Kurt Bardella: We have a right to know what's in the Mueller report.

I spent five years working for Republicans on the House Committee on Oversight and Reform under the reign of former Rep. Darrell Issa, R-Calif. Almost daily, we would cite the American people’s “fundamental right to know” to justify the tsunami of subpoenas and investigations we unleashed on the Obama Administration.

I believed then, as I do today, that transparency in government must be vigilantly pursued, regardless of which party controls Congress or the Oval Office. This is never more apparent than with the report Robert Mueller has submitted to Attorney General William Barr.

LINDSEY GRAHAM: TRUMP FINE WITH RELEASING MUELLER REPORT WITHOUT WHITE HOUSE SEEING IT

Speaking about the now-completed Mueller-probe, White House Press Secretary Sarah Huckabee Sanders said early this week that she thinks “it’s disgraceful...that it took two years.”

For context, the three highest-profile investigations launched by Oversight Republicans during the Obama years -- Fast & Furious, Benghazi, and IRS targeting -- all lasted much longer than two years. I don’t remember Sarah Huckabee Sanders or anyone on the right expressing concerns about the duration of those investigations.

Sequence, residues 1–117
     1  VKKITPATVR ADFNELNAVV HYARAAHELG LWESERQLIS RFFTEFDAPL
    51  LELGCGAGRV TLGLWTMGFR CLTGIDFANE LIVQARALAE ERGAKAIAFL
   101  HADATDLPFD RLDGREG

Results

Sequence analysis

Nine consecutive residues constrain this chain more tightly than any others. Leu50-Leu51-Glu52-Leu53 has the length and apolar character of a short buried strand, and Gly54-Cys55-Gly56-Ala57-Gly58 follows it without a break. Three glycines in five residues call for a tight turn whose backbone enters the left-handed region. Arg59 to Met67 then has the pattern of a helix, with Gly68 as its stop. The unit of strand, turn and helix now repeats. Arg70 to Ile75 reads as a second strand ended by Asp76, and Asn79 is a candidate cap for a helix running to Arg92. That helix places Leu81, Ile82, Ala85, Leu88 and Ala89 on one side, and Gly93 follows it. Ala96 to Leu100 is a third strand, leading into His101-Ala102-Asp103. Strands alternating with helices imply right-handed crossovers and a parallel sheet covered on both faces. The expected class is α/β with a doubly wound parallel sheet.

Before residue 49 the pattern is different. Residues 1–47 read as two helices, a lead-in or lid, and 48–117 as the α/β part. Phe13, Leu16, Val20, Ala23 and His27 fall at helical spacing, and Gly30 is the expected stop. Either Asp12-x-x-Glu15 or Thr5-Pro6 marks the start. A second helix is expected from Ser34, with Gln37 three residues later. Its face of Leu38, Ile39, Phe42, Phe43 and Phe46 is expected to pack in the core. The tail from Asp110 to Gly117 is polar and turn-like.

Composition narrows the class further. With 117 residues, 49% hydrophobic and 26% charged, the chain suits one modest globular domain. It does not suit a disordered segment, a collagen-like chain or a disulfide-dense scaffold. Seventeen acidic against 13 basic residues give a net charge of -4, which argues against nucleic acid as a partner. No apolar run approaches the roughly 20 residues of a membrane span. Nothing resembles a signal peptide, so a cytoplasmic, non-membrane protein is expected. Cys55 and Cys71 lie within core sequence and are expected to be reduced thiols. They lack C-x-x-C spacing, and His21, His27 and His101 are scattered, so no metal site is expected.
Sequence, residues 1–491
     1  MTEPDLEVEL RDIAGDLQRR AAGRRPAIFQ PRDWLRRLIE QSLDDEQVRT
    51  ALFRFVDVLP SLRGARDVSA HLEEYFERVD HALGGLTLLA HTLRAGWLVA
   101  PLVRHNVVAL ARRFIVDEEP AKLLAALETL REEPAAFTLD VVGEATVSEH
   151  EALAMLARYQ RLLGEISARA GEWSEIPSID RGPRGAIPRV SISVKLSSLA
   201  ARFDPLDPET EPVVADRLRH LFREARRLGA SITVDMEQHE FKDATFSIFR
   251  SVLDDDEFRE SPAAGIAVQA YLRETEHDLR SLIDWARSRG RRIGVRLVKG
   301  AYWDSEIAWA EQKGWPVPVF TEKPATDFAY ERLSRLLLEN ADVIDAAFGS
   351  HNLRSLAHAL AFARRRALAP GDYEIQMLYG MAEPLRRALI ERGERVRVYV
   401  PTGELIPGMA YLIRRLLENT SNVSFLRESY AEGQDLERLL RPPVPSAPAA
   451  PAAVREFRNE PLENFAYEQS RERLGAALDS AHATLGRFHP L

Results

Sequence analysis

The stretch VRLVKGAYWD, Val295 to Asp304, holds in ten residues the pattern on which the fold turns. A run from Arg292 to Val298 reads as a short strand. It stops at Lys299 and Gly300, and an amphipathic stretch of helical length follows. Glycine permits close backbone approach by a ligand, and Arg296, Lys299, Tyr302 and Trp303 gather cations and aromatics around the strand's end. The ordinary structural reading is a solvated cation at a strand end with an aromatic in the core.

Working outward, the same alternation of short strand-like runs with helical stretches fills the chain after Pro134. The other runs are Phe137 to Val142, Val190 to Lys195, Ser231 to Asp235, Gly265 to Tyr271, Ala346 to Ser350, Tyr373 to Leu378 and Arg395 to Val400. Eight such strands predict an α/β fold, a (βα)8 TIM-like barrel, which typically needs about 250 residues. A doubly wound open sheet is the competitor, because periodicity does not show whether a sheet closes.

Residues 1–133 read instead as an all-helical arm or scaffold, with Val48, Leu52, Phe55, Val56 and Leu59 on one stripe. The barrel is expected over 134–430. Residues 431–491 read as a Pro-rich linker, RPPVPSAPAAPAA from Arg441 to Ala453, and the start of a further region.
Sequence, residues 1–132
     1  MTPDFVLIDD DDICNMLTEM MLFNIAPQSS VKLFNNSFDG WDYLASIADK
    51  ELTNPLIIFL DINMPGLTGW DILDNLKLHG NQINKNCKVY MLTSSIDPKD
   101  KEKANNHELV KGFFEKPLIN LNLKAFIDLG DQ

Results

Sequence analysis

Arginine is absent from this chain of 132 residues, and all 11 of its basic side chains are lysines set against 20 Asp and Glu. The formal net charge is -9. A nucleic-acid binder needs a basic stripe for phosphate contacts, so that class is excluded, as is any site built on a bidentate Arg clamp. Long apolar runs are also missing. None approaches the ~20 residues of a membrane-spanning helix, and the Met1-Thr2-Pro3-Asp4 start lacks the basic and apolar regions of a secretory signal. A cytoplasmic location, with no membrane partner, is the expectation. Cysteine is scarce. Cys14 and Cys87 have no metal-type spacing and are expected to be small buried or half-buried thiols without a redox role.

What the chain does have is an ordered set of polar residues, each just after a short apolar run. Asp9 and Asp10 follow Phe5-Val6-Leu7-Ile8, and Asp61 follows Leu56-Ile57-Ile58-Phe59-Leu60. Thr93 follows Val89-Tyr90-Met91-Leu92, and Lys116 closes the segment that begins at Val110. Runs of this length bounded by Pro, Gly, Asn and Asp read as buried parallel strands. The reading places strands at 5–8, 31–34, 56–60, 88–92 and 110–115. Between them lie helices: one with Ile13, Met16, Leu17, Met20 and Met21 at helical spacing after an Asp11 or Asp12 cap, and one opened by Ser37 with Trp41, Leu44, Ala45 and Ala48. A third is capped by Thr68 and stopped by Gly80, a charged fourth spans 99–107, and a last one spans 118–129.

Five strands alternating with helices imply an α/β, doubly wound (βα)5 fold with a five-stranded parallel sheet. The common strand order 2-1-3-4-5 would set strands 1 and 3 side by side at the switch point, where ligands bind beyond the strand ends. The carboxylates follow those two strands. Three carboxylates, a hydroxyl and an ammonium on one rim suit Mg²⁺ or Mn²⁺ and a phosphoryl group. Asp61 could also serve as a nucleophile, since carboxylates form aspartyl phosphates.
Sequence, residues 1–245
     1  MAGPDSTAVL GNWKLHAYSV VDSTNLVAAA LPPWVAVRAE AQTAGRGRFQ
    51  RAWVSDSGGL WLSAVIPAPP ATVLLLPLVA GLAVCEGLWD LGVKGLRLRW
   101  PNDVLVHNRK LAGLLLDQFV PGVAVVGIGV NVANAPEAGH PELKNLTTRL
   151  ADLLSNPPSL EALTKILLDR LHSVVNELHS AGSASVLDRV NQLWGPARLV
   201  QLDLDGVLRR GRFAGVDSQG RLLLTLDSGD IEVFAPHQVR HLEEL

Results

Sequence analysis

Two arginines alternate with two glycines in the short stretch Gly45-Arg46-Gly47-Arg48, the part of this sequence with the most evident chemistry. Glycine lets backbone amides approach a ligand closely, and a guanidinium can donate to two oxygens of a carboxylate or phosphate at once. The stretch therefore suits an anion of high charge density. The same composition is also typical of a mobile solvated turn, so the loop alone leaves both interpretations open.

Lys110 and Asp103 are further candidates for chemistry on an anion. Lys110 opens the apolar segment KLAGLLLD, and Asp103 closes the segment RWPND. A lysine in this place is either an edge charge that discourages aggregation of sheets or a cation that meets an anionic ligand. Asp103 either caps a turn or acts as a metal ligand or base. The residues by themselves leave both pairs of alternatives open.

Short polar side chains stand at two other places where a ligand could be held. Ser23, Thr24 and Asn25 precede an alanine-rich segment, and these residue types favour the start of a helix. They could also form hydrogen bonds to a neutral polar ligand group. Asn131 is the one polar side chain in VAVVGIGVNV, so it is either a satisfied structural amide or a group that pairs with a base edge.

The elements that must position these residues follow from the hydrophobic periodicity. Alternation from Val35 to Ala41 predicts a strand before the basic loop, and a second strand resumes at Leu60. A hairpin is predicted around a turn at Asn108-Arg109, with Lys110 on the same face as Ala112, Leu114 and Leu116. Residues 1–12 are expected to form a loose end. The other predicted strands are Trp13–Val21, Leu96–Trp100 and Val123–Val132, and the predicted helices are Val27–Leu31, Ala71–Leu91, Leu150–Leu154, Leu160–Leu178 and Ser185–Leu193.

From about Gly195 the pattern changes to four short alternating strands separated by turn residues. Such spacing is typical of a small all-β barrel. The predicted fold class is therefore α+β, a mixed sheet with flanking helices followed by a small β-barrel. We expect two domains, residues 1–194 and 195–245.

In the spring of 2011, Republicans on the House Oversight and Government Reform Committee in tandem with then-Senate Judiciary Committee ranking member Chuck Grassley, R-Iowa,  began an investigation into “Operation Fast and Furious.” On June 7, 2017, more than six years later, the committee released its final report on the matter.

In the fall of 2012, Republicans began an investigation into the attack on the U.S. diplomat facility in Benghazi, Libya. This is the investigation that would unearth then-Secretary of State Hillary Clinton’s use of a private email server. The investigation lasted for more than four years.

In 2013, congressional Republicans launched an investigation into the IRS’s alleged targeting of conservative groups. The “scandal” would be an ongoing line of attack for Republicans until the Trump administration declared in 2017 that prosecuting the matter “would not be appropriate based on the available evidence.”

Supporters of our oversight activities believed in our constitutionally-protected right to act as a check-and-balance over the Executive Branch. It’s the height of hypocrisy to watch so many of those people, who believed in our oversight mandate during the Obama years, now preach the exact opposite during the presidency of Donald Trump.

The American people deserve more than a four-page summary, hastily written by two Trump political appointees. Until the full report is released, it is both impossible and irresponsible to draw conclusions based on the few select phrases included in the attorney general’s summary.

Imagine how Republicans would have reacted if a report like this was turned over to Eric Holder and all he was willing to share was a four-page summary. I can tell you with 100 percent certainty that Oversight Republicans would have immediately subpoenaed the report, demanded all the supporting documents and evidence and held multiple hearings with the report’s author as well as the attorney general.

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This has nothing to do with the guilt or innocence of Donald Trump, but rather the consistent belief that the American people deserve to be trusted with the truth, the whole truth, and nothing but the truth.